5 things you need to know about pediatric hepatitis and recent misunderstandings

There have been a number of cases of unexplained pediatric hepatitis around the world recently, much to the surprise of health professionals and the authorities. The Centers for Disease Control and Prevention (CDC) reported 109 cases in the United States last week.

The CDC also confirmed five deaths and 14 percent of patients receiving liver transplants. The average age of children diagnosed with these unexplained cases of acute hepatitis in the United States is 2 years.

Hepatitis and inflammation of the liver in young children are often caused by viral infections. Adenovirus, a very common pathogen in children, has been identified in more than half of these cases, but no contact has yet been established.

Adenovirus infections usually occur as inflammation of the lungs or stomach. However, the link between the virus and inflammation of the liver has not been heard, especially among people with weakened immune systems. Regular hygiene measures, such as hand washing, are effective in limiting the spread of adenovirus.

As the situation develops, here are five things you need to know about pediatric hepatitis:

Signs of potential childhood hepatitis are obvious

Rima Fawaz, a doctor and medical director of pediatric hepatology and pediatric liver transplantation at Yale Medical School, told The Hill that it is difficult to ignore the symptoms of hepatitis in children.

“They get sick,” Fawaz said. “Not all patients were diagnosed with severe hepatitis. … I would think they look a little yellow.

Symptoms of hepatitis include vomiting, dark urine, clear stools and jaundice, and yellowing of the skin. According to Fawaz, children with the disease do not play or run as if nothing had happened; they will obviously get sick.

Clinics across the country have been advised by the CDC to report possible cases of pediatric hepatitis of unknown cause, as well as to test for adenovirus. Because of the prevalence of adenovirus, it is not a commonly tested pathogen.

Most cases of acute hepatitis in children are completely cured

According to Fawaz, in most cases, severe hepatitis “cures on its own.”

“It is completely good that the child does not have chronic diseases and does not have chronic liver disease. Thus, usually severe hepatitis is cured and the patient is in good condition, ”he added.

The annual survival rate for acute hepatitis is over 90 percent and usually has “excellent results,” Fawaz said.

“In general, most of these children have recovered completely,” a CDC official told a news briefing in the United States.

According to Fawaz, in cases of liver failure and transplantation, it is necessary to use immunosuppressive drugs for the rest of his life, as in the case of organ transplantation.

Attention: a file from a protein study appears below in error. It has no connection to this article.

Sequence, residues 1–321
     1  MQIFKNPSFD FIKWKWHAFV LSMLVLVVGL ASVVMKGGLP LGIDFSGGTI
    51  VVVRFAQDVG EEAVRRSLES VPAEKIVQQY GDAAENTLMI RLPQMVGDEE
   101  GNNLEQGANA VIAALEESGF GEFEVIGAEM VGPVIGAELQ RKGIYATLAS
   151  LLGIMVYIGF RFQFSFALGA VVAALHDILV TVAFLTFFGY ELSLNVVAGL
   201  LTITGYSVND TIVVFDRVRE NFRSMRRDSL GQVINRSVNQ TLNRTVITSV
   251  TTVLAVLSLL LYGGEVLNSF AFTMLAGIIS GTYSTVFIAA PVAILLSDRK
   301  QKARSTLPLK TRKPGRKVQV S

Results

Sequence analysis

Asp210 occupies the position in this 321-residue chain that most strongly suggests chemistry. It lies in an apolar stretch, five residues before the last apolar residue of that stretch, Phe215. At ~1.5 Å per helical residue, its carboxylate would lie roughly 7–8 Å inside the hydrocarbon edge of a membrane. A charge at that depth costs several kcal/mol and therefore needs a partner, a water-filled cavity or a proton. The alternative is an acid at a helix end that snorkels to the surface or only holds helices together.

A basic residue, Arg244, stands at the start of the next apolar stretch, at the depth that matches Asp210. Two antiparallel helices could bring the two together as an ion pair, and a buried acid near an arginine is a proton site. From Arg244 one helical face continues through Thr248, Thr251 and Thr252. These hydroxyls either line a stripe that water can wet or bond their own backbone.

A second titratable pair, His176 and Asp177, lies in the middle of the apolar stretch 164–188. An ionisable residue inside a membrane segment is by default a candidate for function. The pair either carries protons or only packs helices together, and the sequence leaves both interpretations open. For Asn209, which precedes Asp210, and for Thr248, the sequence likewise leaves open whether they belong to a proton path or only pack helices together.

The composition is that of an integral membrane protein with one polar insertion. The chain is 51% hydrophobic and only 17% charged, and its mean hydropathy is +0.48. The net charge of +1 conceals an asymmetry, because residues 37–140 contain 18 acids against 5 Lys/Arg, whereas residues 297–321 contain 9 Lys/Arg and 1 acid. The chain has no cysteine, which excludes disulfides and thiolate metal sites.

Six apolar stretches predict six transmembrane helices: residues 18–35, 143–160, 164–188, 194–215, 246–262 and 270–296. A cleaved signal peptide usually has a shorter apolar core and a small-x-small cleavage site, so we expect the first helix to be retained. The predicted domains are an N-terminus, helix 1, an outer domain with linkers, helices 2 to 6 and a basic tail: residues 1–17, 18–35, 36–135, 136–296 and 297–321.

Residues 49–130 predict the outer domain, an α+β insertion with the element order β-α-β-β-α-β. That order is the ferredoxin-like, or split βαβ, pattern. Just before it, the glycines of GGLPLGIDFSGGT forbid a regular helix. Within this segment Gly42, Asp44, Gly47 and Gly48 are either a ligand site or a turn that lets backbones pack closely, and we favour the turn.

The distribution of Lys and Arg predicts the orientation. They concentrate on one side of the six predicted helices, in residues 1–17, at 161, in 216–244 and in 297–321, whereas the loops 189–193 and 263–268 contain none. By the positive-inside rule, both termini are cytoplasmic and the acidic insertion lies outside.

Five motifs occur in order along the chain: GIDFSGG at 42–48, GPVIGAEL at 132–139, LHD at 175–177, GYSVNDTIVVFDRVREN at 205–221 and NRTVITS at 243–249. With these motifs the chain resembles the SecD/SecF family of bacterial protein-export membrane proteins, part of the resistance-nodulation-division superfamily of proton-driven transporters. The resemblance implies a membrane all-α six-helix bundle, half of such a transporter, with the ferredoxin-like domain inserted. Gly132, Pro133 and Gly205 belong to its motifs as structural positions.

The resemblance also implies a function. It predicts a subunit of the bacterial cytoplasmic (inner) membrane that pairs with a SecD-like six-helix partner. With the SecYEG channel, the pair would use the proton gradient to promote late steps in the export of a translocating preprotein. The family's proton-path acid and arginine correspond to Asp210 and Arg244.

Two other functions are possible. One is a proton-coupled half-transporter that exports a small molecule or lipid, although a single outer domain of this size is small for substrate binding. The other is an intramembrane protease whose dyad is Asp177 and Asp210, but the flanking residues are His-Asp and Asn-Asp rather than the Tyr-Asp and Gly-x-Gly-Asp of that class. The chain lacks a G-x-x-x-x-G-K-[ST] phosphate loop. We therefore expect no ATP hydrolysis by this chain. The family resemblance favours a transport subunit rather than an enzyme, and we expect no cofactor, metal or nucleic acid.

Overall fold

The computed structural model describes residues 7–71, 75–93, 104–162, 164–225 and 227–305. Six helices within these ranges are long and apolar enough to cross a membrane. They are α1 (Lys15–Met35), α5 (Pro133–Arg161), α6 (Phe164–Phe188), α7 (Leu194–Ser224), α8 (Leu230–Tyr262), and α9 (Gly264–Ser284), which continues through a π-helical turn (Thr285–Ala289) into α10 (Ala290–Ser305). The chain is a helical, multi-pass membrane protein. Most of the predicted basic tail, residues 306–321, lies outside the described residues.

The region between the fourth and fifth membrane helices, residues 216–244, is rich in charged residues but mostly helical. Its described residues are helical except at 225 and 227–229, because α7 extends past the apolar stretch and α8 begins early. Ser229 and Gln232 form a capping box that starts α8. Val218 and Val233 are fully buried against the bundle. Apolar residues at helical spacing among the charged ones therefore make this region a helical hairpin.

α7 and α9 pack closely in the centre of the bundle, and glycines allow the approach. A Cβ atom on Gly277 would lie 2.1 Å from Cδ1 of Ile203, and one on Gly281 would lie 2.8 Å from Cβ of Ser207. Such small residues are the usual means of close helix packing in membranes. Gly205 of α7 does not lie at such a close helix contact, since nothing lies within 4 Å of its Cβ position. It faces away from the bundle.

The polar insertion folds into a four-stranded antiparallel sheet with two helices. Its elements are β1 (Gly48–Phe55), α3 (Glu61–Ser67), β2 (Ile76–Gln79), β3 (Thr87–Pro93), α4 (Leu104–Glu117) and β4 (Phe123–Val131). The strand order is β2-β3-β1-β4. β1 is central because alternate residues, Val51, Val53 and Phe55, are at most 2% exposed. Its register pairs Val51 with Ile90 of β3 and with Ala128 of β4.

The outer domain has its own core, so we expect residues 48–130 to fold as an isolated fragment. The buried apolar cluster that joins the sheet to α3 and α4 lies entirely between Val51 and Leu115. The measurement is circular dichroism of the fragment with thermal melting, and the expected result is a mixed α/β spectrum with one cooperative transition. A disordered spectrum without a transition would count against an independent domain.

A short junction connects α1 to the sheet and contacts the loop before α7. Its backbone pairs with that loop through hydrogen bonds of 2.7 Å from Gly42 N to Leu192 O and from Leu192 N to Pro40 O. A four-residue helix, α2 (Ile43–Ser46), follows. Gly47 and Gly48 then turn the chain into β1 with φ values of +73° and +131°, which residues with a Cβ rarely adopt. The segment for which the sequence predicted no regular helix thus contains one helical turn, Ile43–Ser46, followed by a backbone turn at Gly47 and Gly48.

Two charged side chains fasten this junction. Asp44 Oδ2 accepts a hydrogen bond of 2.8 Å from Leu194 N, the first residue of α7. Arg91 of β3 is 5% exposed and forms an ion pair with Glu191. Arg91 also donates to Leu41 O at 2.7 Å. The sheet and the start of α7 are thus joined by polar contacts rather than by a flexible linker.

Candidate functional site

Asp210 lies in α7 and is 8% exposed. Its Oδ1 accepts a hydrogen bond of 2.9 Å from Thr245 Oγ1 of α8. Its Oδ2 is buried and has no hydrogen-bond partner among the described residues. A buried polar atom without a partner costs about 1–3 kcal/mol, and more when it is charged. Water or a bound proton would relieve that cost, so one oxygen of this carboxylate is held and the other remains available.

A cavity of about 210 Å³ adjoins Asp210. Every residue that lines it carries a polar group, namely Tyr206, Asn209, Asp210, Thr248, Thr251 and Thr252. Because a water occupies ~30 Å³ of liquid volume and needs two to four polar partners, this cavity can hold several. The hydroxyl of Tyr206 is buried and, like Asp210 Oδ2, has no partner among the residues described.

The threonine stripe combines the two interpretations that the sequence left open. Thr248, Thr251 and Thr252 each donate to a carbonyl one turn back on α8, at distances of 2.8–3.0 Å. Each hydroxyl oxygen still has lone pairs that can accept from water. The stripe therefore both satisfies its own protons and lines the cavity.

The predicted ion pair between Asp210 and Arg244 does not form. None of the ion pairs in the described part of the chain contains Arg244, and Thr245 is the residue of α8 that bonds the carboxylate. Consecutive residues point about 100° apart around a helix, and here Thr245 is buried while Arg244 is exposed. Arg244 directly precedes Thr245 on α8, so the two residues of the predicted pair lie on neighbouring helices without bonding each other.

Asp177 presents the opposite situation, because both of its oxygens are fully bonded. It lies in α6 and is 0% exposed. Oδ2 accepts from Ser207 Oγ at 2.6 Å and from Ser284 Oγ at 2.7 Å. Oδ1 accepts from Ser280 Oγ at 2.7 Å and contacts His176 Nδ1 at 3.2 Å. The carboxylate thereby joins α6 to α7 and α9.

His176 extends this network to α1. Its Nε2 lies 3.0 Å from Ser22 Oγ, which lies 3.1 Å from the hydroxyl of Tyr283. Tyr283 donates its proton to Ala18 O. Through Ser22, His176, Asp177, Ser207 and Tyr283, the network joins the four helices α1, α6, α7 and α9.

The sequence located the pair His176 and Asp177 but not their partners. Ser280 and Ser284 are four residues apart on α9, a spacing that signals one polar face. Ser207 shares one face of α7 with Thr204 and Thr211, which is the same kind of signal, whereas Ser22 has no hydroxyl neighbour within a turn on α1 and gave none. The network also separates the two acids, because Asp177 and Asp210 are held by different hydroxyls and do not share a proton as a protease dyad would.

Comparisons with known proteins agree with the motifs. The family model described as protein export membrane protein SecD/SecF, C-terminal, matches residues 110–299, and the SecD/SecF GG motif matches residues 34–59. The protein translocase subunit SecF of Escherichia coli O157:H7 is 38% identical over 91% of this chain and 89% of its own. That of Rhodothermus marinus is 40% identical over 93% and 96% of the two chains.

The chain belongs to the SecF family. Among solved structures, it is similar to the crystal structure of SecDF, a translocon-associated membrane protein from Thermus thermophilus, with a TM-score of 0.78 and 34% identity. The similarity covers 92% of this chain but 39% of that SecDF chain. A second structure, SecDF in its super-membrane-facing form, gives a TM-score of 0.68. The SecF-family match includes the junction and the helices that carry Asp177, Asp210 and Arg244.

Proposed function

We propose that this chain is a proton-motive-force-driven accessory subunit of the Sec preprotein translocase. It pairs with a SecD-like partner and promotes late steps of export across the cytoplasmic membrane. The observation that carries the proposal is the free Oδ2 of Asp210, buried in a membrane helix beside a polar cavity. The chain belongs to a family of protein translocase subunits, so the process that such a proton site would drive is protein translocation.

As with most cases of acute pediatric hepatitis, adenovirus is usually self-limiting and does not require treatment.

It is unknown whether the latest reports indicate an increase in cases

The CDC recently acknowledged that it was unclear whether these outbreaks were indicative of an increase in hepatitis or whether the agency was simply holding on to an ongoing trend due to extended testing.

“Currently, we have not seen an increase in the number of patients with pediatric hepatitis above the initial figure,” a CDC official said recently, but that does not mean it has increased, as they have not noticed an increase. is not happening.

According to the CDC, the potential link between the adenovirus and other cases of hepatitis was significant, but the cases did not appear to be above baseline.

The latter cases do not appear to be related to COVID-19

Because most of the affected children are young, most are unsuitable for COVID-19 vaccines, which precludes the possibility of unexpected side effects from the vaccine. The World Health Organization (WHO), which supports the study of hepatitis cases around the world, says the disease has been diagnosed in children aged 1 month to 16 years.

According to the CDC, most children who develop hepatitis for unknown reasons do not have a documented history of coronavirus, and it is highly unlikely that these cases are due to the virus or prolonged COVID-19.

At least 11 countries have reported cases of unknown causes

According to the World Health Organization, at least 11 cases of acute pediatric hepatitis of unknown cause have been reported almost exclusively in North America or Europe.

All cases were reported in the United Kingdom, Spain, Israel, the United States, Denmark, Ireland, the Netherlands, Italy, Norway, France, Romania, and Belgium.

There are currently the most confirmed cases in the UK, 163 cases, no deaths and 11 liver transplants.

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